Poetry / Poets

2 Poems by Anne Bradshaw

Waking Up in France
I listen to the echoes in the French lemon light,
and it’s the purest citron of all hazy summer mornings.
Below, the market square awakes to cobbled clichés,
calls and cries and greetings – buoyant, unloosed, alive.
But the helium-filled bubble outside cannot rise
to the bitter depths of this third-floor appartement.
The black rail of the balcon makes curlicues in strident lines,
and sections off that world from this.
Back on the bed, I see her, I see him.
Both asleep, still wrapped together, a discordant calm
in everything, an altered state of spent alarm
which no longer includes me.
Only the traces of a small, apocalyptic betrayal are here,
reflecting back and forth through stuccoed, lemon-peel light;
vague shadows  – still uneasy, softly shifting, changing shape,
already soured by daybreak, and threatening to suffocate,
invisible, like dust, drifting through the silent drapes,
and lost to the busy air of this French market place.
And as the purest yellow light  
is washed like lime across my eyes,
I only wish I could be blind
to the beauty of it.
We Fell
We fell.
Somewhere between the gaps of the dreams
of what we thought we were,
we fell.
Like a couple of empty vessels,
dark spoils laid waste on the tide,
washed up in salt with bones raw as guilt,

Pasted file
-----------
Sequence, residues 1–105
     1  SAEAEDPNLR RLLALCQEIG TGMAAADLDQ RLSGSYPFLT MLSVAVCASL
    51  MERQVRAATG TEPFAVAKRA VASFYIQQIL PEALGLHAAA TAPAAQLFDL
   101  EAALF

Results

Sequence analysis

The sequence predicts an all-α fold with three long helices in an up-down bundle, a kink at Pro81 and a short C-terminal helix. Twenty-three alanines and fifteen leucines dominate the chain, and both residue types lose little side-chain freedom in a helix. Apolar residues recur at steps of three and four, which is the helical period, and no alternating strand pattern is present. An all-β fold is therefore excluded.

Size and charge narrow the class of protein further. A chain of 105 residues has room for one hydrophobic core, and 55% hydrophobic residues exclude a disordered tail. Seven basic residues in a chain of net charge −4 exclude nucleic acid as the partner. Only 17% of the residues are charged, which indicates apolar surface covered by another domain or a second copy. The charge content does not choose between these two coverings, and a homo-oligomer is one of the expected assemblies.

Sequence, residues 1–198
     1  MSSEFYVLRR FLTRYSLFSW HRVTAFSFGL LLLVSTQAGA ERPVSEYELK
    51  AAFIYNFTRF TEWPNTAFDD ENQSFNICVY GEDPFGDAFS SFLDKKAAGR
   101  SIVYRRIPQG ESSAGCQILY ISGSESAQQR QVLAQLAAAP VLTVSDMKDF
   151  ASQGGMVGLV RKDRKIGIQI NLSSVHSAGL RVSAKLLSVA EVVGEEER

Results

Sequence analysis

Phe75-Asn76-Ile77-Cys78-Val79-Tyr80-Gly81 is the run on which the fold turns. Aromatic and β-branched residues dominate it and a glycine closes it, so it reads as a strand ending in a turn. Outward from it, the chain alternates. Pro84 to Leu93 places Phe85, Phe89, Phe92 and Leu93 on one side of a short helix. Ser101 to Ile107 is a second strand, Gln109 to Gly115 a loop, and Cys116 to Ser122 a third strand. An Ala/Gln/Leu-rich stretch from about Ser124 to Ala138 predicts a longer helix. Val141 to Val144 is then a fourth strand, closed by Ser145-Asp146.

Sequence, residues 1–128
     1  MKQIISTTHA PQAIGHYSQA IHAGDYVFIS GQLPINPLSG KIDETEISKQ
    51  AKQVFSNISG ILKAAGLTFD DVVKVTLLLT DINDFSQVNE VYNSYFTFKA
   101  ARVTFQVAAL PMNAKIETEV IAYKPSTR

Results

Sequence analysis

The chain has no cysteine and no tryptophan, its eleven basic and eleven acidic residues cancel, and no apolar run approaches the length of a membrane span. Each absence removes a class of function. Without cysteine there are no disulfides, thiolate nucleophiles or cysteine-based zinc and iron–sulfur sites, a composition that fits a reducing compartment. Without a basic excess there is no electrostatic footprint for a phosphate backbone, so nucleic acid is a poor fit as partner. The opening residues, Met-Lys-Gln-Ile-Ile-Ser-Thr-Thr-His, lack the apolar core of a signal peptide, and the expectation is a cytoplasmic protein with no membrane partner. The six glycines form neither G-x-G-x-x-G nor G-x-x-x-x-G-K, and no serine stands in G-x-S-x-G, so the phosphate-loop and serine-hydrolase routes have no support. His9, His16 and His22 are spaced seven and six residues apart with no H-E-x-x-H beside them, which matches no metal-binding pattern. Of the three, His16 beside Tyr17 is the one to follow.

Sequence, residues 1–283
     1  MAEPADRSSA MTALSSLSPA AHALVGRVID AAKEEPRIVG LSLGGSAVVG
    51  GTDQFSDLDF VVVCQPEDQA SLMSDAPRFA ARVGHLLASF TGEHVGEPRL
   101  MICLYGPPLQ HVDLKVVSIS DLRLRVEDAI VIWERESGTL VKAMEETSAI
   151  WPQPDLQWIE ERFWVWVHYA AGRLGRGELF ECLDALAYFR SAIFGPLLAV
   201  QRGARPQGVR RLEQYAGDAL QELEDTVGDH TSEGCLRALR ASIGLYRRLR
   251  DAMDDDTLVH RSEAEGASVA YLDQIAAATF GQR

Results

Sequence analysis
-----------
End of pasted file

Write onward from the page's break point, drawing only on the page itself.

in terrible silence we fell.
No star-crossed lovers ever felt
this stream of  endless pain,
an Icarus warning of things to come,
slowly but certain we fell.
Looking within, or looking without,
yet neither matters now,
the emptiness is what defines
the day that we fell.
© Anne Bradshaw, Published in Tuck Online Literary/Arts Magazine, August 2012


20 thoughts on “2 Poems by Anne Bradshaw

    • I wasn’t sure if this was an appropriate thing to do with my own work, but I just wanted to draw attention to The Blue Hour, and the way Moriah and Susie seem to work is really inspiring to all us poets, I think, here on WordPress. Thanks again for allowing me to be a part of it!

  1. The first poem is so visual. The second goes right to the heart. It calls for action from the reader (I feel I must do something), but then I comfort myself saying “I hope this is fiction.”

    Well done, Anne. Fine writing. Thank you for introducing me to The Blue Hour by linking from your blog.

  2. Very nice work Anne; the first is a favourite of mine, which gets better with every reading – I call it the French Lemon Meringue (or should it be lemon ménage..!) 🙂

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